It is claimed that the deduction or credit provided in the act of 1875 would entitle the prisoner to his discharge. The district attorney contends that, as the state of California has a system of commutation for its prisoners, this act does not apply. Section 23 of the act of April 15, 1880, (St. Cal. 1880, p. 73,) provides a system of credits for convicts confined in the state prison, for the purpose of securing faithful labor and obedience to the rules and regulations of the prison. This act does not apply to persons imprisoned in the county jails, and the petitioner therefore claims that he is entitled to the benefit of the act of congress. The answer to this claim is that the act of congress applies only to United States prisoners who are confined in a prison or penitentiary of a state or territory,-that is to say, in a state or territorial institution,-and does not, in terms, or by fair interpretation of language, apply to aUnited states prisonel' confined in a county jail. U. S. v. Schroeder; 14 BIatchf. 344, Fed. Cas. No. 16,233; In re Terry, 13 Sawy. 601, 37 Fed. 649; U. S. v. Goujon, 39 Fed. 773. The distinction is found in the fact that punishment for the higher crimes is generally executed in the state institution, where labor and a system of discipline is required, and a commutation of sentence is p,rovided as a reward for service and good conduct. The question whether the prisoner is entitled to a deduction of one month provided in section 5543 of the Revised Statntes is not, I understand, pressed for a decision at this time; but, to save the trouble and expense of further proceedings, I am prepared to say that, in my opinion, he is entitled to such deduction. U. S. v. Schroeder, supra. There are no credits provided for the good be'havior of prisoners confined in the county jails of this state, and hence it follows that the provisions of section 5543 of the Revised Statutes are applicable to a United States prisoner so confined. That part of this section relating to prisoners in a state penitentiary is undoubtedly superseded by the act of March 3, 1875; but it does not follow that the provision of the section relating to prisoners confined in jails is repealed or modified by that act, and in my opinion it is not.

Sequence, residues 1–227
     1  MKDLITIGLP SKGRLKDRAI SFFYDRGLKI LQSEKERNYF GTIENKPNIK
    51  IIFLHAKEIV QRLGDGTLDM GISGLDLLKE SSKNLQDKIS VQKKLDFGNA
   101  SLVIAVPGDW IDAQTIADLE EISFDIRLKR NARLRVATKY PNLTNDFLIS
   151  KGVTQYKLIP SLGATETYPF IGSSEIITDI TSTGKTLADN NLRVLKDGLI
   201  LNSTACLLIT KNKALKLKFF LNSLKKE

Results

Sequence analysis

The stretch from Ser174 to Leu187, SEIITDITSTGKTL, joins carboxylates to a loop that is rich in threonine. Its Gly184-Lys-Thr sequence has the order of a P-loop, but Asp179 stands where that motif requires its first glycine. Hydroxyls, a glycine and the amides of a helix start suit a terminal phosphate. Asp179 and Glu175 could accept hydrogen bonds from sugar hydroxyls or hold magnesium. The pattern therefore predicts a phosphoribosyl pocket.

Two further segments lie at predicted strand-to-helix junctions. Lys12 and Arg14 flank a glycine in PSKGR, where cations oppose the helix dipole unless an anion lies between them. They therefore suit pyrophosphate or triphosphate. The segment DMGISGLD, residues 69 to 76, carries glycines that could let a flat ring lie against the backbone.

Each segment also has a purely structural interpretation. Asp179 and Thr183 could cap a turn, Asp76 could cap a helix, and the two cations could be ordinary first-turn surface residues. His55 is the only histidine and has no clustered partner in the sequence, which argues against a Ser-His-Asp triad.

In re WETHERELL.
(Circuit Court, D. Massachusetts.
March 10, 1894.)
CUSTOMfl DUTJES-" STEEL STRIPS.»
Steel in the form of strips, 3 to 3lh Inches wide, less than 25-1000 of an inch thick, and more than 100 feet long, whIch were cold rolled to a